I love the powder-puff game where the competitive amongst our girls put on a show the varsity would be wise to watch and I even like the homecoming court and queen’s crowning. Most of all, I  like working closely with my team of kids who run the games and make crazy dress-up examples of themselves and race around the building, begging, promising their future services and otherwise finding a way to come out on top of the charity fund-raiser – AFTER – they have bankrupted their own piggy banks , cleaned out their cars and given away their  next month’s lunch money. I love counting fifty pounds of change with them and making signs with hallucinogenic inks with them and seeing them work so hard to make it all fun for everyone. I love these kids…who give a damn. Who won’t win our cool prizes or even a shout out on the intercom. Who won’t be crowned or recognized by the local paper as an extreme athlete. Who work hard and smart and secretly to make everyone’s week as fun as it can be.

Every year, teachers and admin’s ask me to please run this thing called Homecoming. ( No one else wants to.) They thank me, but no one ever asks me why I do so. It’s an easy question to answer: I do it to hang out and suffer the joy with those who care, who get there early and stay so late and really do give until it hurts.

I do it to be with them.


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this boy

Linking up at Amber Haines for the weekly concrete to abstraction study.  Always fun for me. Our word this week is “boy.” Here’s what came to mind this busy, crazy week.

For years he never spoke a word save through that white guitar of his. It sang. He played far to the back on the school praise band team. I never heard him sing a note. I never heard him say a word. But, he always came and played.

Three years ago: the one person I always saw him with moved on, angry. In a random poetry assignment, he offered that his father had just done likewise. It was a rich, tight tale. He gained my attention, full.

Two years ago: I got a shot at one of the Bible classes, was sort of commissioned to work a miracle or two. I choose him for my class. He chose me as well.  We wrote.

Last year: He started to sing back-up vocals in the band. He smiled at me as we passed in the hall.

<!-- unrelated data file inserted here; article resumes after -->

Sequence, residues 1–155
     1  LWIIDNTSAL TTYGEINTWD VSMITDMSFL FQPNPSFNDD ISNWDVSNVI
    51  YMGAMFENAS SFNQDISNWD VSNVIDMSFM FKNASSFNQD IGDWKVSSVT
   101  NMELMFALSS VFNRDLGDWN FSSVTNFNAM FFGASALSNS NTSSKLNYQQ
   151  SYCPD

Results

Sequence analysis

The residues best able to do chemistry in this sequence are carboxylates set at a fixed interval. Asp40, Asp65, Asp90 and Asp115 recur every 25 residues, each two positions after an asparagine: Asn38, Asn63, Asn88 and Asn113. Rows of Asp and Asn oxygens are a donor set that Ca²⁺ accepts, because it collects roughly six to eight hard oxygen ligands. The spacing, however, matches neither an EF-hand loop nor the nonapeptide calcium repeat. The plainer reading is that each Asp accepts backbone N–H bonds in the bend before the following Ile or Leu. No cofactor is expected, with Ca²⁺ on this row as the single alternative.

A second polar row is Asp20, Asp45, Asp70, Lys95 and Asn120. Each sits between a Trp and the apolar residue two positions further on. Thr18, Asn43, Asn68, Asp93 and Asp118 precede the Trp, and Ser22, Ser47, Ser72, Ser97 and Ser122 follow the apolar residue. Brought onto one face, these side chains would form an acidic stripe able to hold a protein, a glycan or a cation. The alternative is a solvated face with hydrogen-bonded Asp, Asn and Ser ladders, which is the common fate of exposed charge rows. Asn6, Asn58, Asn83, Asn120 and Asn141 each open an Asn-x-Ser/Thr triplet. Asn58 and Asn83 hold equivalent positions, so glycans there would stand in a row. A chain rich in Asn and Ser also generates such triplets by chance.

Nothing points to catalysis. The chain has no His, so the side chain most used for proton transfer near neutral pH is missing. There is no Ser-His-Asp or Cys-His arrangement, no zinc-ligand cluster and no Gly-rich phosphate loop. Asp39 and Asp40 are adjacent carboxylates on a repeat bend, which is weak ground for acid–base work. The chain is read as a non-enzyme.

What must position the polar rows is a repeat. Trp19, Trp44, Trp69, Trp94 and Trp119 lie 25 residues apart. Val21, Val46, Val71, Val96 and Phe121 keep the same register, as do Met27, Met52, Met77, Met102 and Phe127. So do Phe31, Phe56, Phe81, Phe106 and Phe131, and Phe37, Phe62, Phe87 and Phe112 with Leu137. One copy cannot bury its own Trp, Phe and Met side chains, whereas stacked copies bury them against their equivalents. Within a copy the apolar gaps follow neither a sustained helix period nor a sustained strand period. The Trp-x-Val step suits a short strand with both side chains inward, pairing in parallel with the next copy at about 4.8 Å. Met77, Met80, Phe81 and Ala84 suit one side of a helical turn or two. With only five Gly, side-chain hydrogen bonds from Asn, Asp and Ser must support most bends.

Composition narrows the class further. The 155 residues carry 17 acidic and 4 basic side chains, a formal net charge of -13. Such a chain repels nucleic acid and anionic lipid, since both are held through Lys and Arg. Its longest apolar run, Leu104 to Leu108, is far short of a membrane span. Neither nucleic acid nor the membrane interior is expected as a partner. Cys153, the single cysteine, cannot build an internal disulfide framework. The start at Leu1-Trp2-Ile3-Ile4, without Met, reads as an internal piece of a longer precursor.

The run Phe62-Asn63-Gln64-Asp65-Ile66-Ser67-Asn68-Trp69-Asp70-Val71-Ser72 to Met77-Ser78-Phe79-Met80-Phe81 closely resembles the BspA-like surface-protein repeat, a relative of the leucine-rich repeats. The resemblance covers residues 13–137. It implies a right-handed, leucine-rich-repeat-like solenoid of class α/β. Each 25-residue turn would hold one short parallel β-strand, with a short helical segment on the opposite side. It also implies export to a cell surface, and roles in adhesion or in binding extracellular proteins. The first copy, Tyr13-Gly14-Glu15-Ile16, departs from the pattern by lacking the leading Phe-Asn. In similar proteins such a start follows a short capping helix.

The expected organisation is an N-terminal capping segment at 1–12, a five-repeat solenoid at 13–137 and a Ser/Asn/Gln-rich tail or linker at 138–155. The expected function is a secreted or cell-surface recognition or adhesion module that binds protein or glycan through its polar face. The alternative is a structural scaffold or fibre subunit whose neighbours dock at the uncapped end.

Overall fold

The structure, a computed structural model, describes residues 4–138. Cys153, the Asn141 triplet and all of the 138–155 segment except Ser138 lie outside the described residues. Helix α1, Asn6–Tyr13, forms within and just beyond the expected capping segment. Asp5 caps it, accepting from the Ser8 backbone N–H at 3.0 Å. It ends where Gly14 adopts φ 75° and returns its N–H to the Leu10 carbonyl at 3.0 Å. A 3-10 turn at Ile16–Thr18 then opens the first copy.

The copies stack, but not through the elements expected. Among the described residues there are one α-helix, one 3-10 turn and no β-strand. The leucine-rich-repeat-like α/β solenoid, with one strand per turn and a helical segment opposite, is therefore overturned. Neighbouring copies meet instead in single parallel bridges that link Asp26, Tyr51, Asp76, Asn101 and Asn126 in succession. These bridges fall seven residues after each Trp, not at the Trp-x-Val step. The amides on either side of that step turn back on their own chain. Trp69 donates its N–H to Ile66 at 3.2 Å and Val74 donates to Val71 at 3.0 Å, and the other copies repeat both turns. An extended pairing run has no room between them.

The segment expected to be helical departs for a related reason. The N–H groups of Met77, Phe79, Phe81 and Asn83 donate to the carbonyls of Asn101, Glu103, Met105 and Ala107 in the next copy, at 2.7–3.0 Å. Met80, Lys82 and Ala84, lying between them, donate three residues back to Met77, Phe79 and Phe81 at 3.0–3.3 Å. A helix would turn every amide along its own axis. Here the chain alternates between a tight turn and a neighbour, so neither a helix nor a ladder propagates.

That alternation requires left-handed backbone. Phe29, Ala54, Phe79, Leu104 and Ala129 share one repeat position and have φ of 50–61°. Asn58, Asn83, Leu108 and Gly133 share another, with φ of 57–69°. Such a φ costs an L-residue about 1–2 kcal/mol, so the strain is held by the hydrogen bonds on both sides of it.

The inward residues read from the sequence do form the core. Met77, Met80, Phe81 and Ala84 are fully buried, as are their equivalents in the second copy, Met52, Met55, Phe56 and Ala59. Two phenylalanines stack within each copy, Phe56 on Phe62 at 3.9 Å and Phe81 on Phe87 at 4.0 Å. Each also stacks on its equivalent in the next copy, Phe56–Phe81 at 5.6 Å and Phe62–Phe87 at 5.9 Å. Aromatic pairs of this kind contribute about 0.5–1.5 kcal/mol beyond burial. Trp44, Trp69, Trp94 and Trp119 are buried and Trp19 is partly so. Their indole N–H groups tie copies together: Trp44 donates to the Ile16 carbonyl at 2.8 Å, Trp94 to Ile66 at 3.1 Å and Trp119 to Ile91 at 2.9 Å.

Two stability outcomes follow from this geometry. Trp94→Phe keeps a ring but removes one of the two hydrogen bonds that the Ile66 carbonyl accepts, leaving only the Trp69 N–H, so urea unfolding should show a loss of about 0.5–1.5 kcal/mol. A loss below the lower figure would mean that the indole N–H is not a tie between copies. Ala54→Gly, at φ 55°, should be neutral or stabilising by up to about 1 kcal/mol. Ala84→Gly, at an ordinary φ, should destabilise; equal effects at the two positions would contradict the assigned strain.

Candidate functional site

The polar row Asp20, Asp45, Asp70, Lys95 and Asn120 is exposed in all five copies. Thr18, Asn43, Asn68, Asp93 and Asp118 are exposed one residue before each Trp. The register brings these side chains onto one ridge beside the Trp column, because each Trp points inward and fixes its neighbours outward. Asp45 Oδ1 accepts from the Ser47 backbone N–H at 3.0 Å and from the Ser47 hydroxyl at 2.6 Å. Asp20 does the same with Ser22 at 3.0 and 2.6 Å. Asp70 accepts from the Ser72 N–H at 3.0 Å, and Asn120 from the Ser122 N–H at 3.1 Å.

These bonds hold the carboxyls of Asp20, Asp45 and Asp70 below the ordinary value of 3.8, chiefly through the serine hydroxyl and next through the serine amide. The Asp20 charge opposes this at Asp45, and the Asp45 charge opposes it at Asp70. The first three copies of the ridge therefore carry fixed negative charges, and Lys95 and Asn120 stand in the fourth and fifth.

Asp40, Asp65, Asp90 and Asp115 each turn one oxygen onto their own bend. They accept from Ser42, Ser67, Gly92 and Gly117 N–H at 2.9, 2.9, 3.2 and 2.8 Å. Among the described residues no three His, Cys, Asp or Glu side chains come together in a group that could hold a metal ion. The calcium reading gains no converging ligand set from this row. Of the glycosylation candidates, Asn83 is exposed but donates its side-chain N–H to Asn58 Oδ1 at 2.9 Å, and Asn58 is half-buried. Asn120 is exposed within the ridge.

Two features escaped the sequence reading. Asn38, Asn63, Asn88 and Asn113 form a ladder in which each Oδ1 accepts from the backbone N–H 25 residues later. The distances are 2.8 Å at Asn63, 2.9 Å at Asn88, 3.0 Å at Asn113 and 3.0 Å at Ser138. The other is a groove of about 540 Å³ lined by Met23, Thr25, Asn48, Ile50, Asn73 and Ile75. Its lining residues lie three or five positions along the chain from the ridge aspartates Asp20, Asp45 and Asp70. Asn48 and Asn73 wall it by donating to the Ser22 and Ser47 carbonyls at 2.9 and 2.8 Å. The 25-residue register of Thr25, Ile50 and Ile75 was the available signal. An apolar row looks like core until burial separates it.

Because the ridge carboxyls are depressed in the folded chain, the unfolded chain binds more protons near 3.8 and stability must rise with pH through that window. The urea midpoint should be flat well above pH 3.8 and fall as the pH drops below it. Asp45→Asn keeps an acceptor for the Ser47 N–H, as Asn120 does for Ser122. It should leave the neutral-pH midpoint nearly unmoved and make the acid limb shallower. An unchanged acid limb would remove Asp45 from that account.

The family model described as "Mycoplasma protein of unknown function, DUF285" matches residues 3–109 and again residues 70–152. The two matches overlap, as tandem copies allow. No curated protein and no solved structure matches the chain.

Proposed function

This year: He was recruited to play with Hannah and Trent in the “big band” at Epoch. He agreed.

This summer: He signed up for EDGE.

This weekend: He came around the corner from the Green Room.  I heard their giddy sounding footsteps and wondered what it would be like to be 17 and playing in such a venue. His smile broke wide as he saw me, his teacher, and maybe more, a  muse…who said when others ceased to…”You can do this, I know you can.”


That deathly quiet boy now leads worship and sings lead, no longer hidden behind those incomprehensibly good guitar licks. He brings me his poems, sets them out, stands back, smiling more. He shares his still hurting heart freely for all of us at EDGE to pray.


I put my arm around Alex’s friend, my ex-student as well, his collaborator in the set. He, too, grins that I have come. I turn and face Alex; his arms are wide for me.

How I love this boy.


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We all came back alive

This past weekend we finally pulled off our long-awaited, “Weed out the Weenies” weekend. We camped, no bathrooms, no electricity, no running water, in the relative wild of Helena, Alabama. There were a few fateful moments of potential pitfall, including our 1am pitch black ( no flashlights) Capture the Flag game in a field that daylight revealed to be more treacherous than did the flickers of the falling stars that cheered us. But, though we did stumble and otherwise fall a time or two, no one was cast head long nor seriously hurt. And we made up quickly for any bravado we showed during the game…we are serious gamers.

Jeremy, Tiff and I sat in the warmth of a fire, watching faces that we love more than life, speak hard questions and respond to them, not with proof texts and platitudes, but with unshakeable Love. Somehow, these kids get what it took us years of unlearning and then learning to get ourselves. They run through the ravines and briars and pitted places that snared us and rolled us to the ground and charged us for the experience.  They run narrow, dangerous spaces as if they are wide and smooth. Because, to them, led of Love, only, they are.

I find myself too often, frozen or feeling my way along, only inching my feet forward, trying to stay on the track of Love…

God, put me, too, in that wide, safe space…and let me, too, run without regard for life and limb. Amen